At École Cedardale, we are at the point in Term 1 where we have just completing our Parent/Teacher conferences. During these meetings, we take the time to discuss how students may be adjusting to new teachers, new grades, a new school, and possibly, a new language of instruction. Not only do parents want to know how their children are faring academically, they also want to hear how they are doing socially and emotionally; they want to know about the new or renewed friendships their children are establishing. Questions such as, “Who does my child play with outside at recess?” are just as common and relevant as, “How is my child doing in Math?” During the first seven weeks of the school year, the focus is on settling in to the expected structure and routines in daily life at school.
As many of you might know, this is the first year where the redesigned BC curriculum is being implemented Province-wide from Kindergarten through Grade 9. Although this redesign might be intimidating to some educators, we are fortunate at École Cedardale, as this will be the third year where our staff have worked with the revised curriculum due to requirements during our recent journey towards IB PYP authorization. West Vancouver Schools Superintendent, Chris Kennedy, addressed many of the changes and highlights of the redesigned curriculum during a parent information session in January 2016, and revisited the key points in his Blog Post, Safeway and Soccer Fields (February 2, 2016).
With a newly redesigned curriculum, it is now time to re-think what reporting on student progress should and could look like. West Vancouver Schools has been very progressive in this aspect. Since 2014, under the guidance of Director of Instruction, Lynne Tomlinson, and District Principal for Early Learning, Sandra-Lynn Shortall, elementary teachers from across the school district have been involved in the planning, design and implementation of a new platform for communicating student learning that has replaced the more traditional report card.
The first district Communicating Student Learning (CSL) pilots were implemented with Kindergarten classes during the 2014-2015 school year. In 2015-2016, the pilots were extended to Grades 1, 2, and 4. School and Grade participation was voluntary, however, teachers at École Cedardale jumped at the opportunity to have a voice and share their ideas in the design process. We were provided with numerous release days, which allowed for district-wide collaboration and ensured that the documents and process were streamlined across programs and across the district. For the current 2016-2017 school year, all schools and all elementary grades (K-7) will be using the new CSL templates. In addition to the new design and format, K-7 students will no longer be receiving letter grades. This was an intentional choice, as letter grades often mask and distract from the more meaningful components, feedback and dialogue that takes place within the body of the document. This decision will only be new at École Cedardale to students in Grades 6 and 7, as students in Kindergarten to Grade 5 have not had letter grades in past years.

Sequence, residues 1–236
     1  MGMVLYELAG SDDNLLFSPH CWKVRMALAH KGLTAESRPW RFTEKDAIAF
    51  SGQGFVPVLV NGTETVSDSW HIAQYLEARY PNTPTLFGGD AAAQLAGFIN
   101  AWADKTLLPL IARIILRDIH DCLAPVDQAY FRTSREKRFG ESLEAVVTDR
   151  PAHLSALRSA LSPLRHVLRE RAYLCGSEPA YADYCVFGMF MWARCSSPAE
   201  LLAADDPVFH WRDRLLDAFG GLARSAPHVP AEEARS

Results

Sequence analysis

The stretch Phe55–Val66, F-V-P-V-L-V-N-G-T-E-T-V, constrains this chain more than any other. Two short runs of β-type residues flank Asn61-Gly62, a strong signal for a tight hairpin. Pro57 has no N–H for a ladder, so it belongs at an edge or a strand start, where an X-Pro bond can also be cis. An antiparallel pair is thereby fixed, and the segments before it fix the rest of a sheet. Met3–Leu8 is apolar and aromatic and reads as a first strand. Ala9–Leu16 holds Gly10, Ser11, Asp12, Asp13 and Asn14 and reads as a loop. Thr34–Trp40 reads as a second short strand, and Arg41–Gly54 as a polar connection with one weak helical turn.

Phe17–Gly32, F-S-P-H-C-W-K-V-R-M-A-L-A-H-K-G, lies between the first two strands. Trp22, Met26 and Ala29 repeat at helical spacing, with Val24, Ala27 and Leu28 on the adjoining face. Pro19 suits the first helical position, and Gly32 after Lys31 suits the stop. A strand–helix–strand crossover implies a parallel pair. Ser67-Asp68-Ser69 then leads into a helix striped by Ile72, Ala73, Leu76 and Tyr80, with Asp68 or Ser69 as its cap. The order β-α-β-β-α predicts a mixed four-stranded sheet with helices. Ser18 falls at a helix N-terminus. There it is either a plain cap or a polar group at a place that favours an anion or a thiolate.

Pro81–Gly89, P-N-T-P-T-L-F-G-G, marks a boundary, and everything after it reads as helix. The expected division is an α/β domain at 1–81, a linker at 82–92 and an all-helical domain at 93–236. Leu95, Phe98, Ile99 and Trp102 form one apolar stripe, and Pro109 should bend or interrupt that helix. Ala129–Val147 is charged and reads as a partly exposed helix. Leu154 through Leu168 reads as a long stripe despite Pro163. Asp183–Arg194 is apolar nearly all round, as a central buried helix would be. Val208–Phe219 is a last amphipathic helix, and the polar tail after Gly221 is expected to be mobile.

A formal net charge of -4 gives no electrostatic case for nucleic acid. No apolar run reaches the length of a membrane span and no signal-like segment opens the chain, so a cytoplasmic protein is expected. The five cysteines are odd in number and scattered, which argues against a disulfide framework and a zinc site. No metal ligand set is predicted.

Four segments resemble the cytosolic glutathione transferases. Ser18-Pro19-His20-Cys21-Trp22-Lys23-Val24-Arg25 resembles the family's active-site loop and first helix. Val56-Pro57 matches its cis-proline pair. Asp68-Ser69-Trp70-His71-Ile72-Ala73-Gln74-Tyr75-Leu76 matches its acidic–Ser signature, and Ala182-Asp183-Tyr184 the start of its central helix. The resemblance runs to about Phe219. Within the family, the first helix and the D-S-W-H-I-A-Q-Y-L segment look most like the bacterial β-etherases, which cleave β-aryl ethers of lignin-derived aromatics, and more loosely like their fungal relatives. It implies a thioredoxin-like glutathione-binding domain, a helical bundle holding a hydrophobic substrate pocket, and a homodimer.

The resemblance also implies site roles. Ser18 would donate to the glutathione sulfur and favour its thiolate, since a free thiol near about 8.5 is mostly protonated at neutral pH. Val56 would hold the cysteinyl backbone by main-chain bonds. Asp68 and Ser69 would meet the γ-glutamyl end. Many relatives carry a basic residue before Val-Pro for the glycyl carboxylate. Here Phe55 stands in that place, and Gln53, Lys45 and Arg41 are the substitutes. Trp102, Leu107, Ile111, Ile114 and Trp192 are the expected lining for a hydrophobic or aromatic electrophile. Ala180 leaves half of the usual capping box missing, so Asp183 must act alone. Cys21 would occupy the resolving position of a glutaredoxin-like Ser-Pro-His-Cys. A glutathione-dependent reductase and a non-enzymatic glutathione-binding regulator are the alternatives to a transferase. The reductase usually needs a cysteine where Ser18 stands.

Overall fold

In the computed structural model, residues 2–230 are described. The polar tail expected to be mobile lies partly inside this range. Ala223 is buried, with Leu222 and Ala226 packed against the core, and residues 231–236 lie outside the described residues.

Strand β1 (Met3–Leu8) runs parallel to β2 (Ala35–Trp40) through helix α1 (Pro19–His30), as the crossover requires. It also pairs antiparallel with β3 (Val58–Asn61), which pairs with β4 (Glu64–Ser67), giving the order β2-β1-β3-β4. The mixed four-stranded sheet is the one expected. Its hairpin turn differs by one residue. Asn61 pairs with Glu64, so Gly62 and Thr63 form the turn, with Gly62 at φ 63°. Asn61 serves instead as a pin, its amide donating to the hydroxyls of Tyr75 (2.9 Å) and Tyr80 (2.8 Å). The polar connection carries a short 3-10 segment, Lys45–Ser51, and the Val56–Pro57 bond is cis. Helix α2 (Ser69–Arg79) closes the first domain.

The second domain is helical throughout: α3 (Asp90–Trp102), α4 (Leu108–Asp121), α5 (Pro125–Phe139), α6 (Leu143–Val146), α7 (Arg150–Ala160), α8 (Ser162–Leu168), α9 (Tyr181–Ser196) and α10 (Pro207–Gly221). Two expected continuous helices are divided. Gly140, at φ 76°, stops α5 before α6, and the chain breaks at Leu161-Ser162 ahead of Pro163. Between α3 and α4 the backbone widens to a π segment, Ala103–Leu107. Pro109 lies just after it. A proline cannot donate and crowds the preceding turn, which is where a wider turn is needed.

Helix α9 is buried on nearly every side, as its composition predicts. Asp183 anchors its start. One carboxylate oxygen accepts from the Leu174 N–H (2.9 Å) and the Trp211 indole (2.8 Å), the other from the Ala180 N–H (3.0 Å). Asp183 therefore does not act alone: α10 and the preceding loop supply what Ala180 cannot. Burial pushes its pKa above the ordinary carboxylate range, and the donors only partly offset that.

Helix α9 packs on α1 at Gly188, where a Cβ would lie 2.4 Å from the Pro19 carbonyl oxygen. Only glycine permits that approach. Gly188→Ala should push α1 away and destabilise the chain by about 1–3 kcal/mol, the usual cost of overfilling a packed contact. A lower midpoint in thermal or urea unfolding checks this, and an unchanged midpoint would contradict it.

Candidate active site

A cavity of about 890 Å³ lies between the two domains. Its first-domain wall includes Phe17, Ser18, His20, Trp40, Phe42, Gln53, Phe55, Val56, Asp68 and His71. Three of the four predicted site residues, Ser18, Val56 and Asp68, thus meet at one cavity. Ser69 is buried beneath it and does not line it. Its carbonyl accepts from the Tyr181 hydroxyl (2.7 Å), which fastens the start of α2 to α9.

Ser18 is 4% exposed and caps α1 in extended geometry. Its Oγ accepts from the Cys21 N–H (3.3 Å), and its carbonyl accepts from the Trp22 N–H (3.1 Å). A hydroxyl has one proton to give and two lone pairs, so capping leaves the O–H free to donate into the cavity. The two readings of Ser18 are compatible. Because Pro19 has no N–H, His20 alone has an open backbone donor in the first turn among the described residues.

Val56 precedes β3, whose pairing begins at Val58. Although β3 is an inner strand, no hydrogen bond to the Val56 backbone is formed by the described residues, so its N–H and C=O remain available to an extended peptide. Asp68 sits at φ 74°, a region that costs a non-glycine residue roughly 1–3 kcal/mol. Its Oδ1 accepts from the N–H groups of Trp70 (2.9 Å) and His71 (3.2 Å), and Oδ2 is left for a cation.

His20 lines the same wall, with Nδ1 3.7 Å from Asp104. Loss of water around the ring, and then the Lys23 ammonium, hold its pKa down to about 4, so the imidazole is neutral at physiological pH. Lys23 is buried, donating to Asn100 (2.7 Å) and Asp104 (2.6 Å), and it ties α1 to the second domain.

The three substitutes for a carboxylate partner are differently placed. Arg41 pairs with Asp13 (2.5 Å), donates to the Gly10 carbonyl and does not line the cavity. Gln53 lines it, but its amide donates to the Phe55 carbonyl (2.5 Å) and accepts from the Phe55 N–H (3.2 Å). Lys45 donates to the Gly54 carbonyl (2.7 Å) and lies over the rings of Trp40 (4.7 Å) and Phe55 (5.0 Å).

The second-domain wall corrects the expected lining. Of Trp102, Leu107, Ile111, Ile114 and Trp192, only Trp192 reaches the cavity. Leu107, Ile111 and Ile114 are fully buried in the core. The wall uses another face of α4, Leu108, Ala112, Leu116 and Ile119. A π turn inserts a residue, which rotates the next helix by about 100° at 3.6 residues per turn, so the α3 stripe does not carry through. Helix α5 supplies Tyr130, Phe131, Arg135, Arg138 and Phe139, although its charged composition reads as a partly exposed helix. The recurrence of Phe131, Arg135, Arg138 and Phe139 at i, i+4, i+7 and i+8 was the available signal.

We are moving away from reporting on what students can or cannot do at the end of each term, which has often be previously linked to a letter grade. Instead, the new reporting document allows us to share an individualized snapshot of the needs of each student at a specific point in their learning journey. Teachers have the ability to comment on student learning in a specific and authentic manner. Curricular Competencies, such as literacy and numeracy skills continue to be paramount, while new emphasis is placed on the Core Competencies, a set of skills required for in-depth and lifelong learning. Meaningful student reflection is embedded within the document, and allows for parents and teachers to experience student voice. Another key feature is the “Ways to support learning” section. Traditionally, the comments included in this section have felt somewhat generic. Under the new format, the suggested ways to support will be more thoughtful and directly catered to that specific student’s needs.
What have been the benefits to student learning thus far? Through discussions with students and parents who have
experienced the new document first hand, it has been expressed that students are better equipped to speak to their learning, as they have been included and involved in their assessment. Students are much more focused on the learning they have experienced, rather than what grade they have received. Parents have voiced that the new reporting document acts as a starting point for further discussion with their children and with the teacher, rather than an end point.
As with all new program implementation, it is expected that there will be a number of questions that come up as students, parents and teachers familiarize themselves with the new reporting format. As a school community, École Cedardale will also be hosting an information session to answer any questions and address any concerns parents may have. Please keep an eye out for further details in an upcoming edition of the Hawks’ Highlights.